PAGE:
HOLLAND — It’s just about that time of year again — the start of a new graffiti season.
For residents of Holland and Zeeland, the writing is on the wall: Clean it up or pay the price.
In Holland, the ordinance defines graffiti as a nuisance, allowing the city to notify property owners and give them five days to clean it up. If the property owners don’t, the city could clean it for them and charge the property owners about $100.
It could also lead to a civil infraction.
In Zeeland, where taggers strike sporadically, the city plans to give property owners about a week to clean it up. If they don’t, the city will write a violation, giving them three more days. After that, the city can file a civil infraction with a first-time fine of up to $100.
Contrast that with Grand Rapids, where residents call a “graffiti hotline” and the city sends a crew to clean it at no cost. Last year, the city spent $61,000 on the program.
Up and down alleys in parts of Holland, garages and fences are covered with either old graffiti or with the paint that doubles as white-out.
“Those kids are cunning and smart. You’ve got to be one step ahead,” said one neighbor, who didn’t want to be identified.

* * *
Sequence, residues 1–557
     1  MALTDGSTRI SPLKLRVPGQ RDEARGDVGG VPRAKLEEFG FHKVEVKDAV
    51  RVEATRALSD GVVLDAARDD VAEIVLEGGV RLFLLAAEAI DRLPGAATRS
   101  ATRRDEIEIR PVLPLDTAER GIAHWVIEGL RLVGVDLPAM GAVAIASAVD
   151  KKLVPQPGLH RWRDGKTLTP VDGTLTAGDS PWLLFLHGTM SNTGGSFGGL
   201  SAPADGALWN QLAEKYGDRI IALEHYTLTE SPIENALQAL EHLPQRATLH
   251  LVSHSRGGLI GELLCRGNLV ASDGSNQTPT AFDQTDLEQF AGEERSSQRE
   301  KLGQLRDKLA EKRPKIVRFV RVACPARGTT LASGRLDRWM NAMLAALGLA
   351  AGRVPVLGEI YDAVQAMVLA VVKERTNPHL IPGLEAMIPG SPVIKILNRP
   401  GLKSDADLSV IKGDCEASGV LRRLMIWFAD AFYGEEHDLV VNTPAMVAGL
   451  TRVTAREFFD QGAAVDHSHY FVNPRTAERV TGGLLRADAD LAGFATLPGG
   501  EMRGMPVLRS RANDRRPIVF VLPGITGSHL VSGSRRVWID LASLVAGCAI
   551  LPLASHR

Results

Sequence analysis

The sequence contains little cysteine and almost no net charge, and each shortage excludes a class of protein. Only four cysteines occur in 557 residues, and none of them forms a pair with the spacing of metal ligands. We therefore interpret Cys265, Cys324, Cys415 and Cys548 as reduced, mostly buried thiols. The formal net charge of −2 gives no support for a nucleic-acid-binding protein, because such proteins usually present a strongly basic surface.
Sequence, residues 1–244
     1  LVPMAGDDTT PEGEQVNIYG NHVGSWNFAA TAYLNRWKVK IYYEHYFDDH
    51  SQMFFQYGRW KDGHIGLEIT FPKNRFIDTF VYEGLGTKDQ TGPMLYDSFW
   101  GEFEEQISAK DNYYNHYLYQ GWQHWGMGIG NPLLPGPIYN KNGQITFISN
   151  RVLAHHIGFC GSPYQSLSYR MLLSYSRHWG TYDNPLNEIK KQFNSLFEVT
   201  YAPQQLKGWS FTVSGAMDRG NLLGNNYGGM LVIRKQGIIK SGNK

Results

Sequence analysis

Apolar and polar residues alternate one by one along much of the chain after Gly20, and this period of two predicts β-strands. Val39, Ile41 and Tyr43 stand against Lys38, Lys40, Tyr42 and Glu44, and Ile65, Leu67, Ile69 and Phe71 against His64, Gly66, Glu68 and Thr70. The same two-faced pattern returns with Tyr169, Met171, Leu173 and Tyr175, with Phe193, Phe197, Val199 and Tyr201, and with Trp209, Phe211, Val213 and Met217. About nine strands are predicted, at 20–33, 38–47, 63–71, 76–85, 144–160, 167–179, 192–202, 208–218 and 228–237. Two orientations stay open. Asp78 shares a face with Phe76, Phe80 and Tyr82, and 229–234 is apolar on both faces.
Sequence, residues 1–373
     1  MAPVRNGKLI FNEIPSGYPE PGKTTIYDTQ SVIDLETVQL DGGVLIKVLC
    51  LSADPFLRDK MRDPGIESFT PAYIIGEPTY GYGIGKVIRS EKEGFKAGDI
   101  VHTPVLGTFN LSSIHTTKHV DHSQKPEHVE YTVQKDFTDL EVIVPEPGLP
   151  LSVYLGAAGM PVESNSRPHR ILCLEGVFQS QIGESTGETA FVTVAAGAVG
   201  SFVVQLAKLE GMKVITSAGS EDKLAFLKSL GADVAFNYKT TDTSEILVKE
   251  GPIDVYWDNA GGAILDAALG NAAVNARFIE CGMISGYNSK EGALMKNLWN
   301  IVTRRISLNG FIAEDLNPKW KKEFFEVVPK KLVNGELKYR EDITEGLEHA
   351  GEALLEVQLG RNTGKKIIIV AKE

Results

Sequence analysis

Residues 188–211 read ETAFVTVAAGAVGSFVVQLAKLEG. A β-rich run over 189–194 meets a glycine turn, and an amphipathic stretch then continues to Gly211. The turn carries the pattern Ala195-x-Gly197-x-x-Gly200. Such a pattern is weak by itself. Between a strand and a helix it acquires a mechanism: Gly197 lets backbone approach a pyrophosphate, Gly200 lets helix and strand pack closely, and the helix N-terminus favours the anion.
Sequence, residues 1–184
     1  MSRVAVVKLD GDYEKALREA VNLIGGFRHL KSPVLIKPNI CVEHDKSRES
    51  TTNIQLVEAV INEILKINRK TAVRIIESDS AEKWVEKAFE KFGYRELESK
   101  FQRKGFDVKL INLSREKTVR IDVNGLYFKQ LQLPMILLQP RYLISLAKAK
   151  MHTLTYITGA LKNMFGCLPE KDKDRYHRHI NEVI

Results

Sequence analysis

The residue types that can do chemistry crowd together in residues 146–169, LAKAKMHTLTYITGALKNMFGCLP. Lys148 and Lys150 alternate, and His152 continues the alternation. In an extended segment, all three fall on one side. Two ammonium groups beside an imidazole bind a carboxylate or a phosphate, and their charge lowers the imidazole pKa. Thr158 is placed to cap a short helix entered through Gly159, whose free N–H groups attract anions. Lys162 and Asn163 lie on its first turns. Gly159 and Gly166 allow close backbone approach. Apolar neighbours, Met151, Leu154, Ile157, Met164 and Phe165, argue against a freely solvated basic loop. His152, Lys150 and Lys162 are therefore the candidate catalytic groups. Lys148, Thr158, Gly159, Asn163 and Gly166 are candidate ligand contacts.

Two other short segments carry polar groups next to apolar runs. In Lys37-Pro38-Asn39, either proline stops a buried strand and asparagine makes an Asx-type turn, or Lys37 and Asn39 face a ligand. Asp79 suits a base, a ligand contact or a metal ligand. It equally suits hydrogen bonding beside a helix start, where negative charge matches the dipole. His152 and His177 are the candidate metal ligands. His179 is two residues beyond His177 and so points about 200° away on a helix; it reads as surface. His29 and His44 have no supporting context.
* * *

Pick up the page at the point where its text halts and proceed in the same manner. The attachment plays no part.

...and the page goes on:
So he has tried his own deterrents: Painting over graffiti on the back of his garage and even installing a surveillance camera in a back alley.
“You’ve got to watch out when school ends,” he said. “That’s when they’re going to get you the best.”
Phil Meyer, Holland’s director of Community and Neighborhood Services, said most neighbors clean the graffiti themselves.
“There are some property owners that just decide they don’t want to deal with it,” he said. “I think they’re just figuring, ‘Why clean it up because it will happen again?'”
But, he said, it’s important to erase the mess.
“There’s a concern that it sends the wrong message to somebody who might be looking to purchase and wants to live in the neighborhood,” he said.
“It’s sort of the broken window theory, as the police circles talk about it,” Meyer continued. “If a window’s broken in the neighborhood, you fix it immediately because if you don’t, somebody’s going to break another window and it just looks like the neighborhood isn’t being tended to.”
In Holland, some residents can’t understand why they should pay for the sins of graffiti artists.
“It’s not the owner’s issue, it’s the city’s issue,” said Gabriel Saldana, whose neighbor’s garage is tagged with fresh graffiti. “To me, it’s their responsibility.”
But Meyer disagrees.
“It’s similar again to the broken window,” he said. “It’s unfortunate that someone is the target of a broken window, of somebody breaking their window, or doing any sort of damage to their property, but it’s got to be fixed.”